If we had a phonograph party today, I feel as if it will not be exciting or as tedious as it was back in the day. The reason why the phonograph was such a success was because the party was mixed with excitement of phonograph and the astonishment of the result. However, if we were to have the same party today, there would be no astonishment or a phonograph, and we will just have an iPhone to record the sounds. Also, there would be no need to keep adjusting the seats to sit further or nearer to the phonograph to modify the sound. It would also be different in a sense that it would all be done electronically and recorded separately and cheaper because it someone makes a mistake, one can just easily delete the recorded sound instead of having to throw away the wax cylinder completely. The theme of preservation of the voices is mainly based on giving comfort by being able to listen to the voices of people who have passed on, or the laughter one finds in the stories of a stranger or someone close. In those cases, the wax cylinder is considered as one’s most prized item if their passed loved one’s voices are recorded in it. However, all we do today is record voices on our phones and tell, text, or post the stories.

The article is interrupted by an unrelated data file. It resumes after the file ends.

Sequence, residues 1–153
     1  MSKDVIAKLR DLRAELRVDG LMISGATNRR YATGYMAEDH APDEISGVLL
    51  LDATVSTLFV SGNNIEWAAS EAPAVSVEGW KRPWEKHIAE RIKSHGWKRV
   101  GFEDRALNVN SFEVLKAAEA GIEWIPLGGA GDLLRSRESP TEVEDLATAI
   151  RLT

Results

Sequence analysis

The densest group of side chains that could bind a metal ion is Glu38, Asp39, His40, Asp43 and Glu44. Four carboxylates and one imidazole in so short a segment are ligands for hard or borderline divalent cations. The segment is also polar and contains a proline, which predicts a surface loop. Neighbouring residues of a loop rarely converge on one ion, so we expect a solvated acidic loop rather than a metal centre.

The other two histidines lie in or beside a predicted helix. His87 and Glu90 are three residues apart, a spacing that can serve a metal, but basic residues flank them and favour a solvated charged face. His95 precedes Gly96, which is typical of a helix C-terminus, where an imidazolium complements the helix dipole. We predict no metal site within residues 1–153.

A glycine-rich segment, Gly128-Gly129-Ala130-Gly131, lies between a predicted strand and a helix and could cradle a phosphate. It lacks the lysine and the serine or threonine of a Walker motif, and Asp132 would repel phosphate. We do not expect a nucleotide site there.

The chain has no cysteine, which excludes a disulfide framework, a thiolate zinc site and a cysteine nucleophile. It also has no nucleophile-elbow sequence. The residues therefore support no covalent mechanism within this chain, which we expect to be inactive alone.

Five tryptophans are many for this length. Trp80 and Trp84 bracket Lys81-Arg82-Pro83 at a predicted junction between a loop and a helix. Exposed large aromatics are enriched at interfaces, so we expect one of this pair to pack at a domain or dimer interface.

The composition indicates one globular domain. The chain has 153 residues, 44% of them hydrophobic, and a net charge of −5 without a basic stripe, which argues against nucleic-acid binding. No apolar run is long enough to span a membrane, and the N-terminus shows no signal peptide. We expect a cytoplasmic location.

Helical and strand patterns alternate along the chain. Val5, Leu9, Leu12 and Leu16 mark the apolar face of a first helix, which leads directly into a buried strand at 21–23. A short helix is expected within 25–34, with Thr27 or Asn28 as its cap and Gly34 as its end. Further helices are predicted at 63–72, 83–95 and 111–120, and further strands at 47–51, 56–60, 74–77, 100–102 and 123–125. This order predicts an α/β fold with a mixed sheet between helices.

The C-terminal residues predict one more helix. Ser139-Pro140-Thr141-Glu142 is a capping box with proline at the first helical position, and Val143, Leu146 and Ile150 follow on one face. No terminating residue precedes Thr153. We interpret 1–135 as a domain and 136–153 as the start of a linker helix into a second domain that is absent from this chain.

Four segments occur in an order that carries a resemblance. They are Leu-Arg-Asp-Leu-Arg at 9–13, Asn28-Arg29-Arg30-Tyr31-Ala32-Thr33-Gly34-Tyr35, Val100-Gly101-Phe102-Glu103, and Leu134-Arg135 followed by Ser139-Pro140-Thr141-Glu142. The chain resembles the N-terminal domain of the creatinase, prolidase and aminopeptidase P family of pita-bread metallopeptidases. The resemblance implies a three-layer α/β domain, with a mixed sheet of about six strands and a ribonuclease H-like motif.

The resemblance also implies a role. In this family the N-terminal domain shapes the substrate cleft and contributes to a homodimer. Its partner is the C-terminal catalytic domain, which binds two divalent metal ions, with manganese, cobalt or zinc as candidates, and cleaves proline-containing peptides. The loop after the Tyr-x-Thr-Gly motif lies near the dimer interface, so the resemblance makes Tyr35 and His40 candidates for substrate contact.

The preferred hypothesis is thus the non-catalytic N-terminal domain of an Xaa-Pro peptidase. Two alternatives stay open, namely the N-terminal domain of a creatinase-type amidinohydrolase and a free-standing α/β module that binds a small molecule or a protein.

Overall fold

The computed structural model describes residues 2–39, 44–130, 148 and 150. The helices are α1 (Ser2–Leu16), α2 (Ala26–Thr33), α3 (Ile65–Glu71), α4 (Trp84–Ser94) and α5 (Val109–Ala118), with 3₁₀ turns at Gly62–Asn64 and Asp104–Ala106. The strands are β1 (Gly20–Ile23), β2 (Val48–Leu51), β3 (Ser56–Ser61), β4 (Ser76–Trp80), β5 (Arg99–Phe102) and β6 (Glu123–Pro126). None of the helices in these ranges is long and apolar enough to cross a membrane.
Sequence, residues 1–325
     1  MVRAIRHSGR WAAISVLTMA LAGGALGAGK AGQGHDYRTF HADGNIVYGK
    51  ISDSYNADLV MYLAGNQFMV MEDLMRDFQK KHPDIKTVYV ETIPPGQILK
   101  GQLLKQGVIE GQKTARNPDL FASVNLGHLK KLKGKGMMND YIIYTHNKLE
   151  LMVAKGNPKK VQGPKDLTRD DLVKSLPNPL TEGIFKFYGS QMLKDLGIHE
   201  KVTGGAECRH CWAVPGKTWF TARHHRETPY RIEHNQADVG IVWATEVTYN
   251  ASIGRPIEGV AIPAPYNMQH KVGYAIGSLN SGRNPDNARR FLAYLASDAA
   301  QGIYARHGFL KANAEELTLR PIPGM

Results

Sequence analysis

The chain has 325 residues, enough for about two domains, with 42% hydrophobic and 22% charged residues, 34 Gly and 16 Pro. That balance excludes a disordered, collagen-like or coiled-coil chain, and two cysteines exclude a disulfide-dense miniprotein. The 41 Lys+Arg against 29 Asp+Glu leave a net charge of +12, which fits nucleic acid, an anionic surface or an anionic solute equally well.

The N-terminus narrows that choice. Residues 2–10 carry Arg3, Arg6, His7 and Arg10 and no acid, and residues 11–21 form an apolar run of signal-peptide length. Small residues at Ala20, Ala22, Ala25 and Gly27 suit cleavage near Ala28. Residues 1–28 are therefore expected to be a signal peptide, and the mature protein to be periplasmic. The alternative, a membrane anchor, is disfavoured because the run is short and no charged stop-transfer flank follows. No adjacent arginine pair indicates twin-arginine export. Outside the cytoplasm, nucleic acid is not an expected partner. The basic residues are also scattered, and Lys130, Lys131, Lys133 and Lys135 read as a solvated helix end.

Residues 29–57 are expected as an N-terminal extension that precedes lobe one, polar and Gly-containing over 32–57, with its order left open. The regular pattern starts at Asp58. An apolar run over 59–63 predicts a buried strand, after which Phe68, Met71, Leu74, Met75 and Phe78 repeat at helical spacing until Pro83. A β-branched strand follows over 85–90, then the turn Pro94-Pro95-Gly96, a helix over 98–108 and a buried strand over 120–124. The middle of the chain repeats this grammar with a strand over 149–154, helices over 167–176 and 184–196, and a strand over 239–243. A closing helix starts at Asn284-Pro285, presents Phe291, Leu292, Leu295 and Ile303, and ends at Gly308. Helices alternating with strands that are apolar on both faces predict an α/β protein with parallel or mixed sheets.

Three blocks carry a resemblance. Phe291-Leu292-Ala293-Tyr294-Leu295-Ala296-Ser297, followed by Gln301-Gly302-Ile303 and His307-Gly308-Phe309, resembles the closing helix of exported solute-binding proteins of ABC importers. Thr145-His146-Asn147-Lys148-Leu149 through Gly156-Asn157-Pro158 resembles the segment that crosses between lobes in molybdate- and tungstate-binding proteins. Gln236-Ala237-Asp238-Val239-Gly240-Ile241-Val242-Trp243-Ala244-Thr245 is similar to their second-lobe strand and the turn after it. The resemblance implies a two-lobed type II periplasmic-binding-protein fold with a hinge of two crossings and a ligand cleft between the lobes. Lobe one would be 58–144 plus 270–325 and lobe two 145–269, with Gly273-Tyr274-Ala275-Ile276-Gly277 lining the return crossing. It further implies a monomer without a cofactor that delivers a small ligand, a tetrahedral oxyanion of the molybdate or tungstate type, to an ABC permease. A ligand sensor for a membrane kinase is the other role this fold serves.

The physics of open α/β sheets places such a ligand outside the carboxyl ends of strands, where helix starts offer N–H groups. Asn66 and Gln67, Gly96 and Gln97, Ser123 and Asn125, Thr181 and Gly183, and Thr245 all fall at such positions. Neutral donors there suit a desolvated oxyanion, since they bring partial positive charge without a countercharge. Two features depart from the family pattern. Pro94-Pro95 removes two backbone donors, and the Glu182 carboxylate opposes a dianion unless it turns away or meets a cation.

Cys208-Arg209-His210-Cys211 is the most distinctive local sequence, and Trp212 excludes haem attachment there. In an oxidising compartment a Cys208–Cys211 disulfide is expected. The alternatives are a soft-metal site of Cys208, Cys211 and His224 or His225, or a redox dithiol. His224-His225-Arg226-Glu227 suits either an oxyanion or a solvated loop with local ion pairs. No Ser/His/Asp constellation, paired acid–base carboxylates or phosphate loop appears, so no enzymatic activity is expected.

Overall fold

The Opener Papers (1900) explain the many uses and future uses of the phonograph. These include the recordings of songs by famous singers, speeches by influential thinkers, lessons in foreign languages, and even sermons. Though the phonograph was not able to fulfill Edisons initial wishes of voice-mail via phonograph, the phonograph, in my opinion, was able to perform a more meaningful accomplishment. With the manageability of recording oneself, many found the task fun and amusing. Friends would gather to have phonograph parties, families would record songs together, and parents were able to record their child’s first words. The phonograph became a mechanism to bring people together. Whether a voice guessing party or a makeshift symphony, the phonograph gave people an instrument to stretch their imaginations and invent and try new things. Furthermore, in times of strife, the phonograph was able to preserve the most precious of memories from those who recently passed away. For parents who have lost children, hearing their voice can be, “one of the greatest consolations.” While having recordings of a loved one who passed away will not bring them back, hearing their voice can be comforting to those experiencing grief. The phonograph was not only successful in bringing new music and ideas to people, but it also worked as a medium to bring people together for celebrations and offer comfort during times of despair.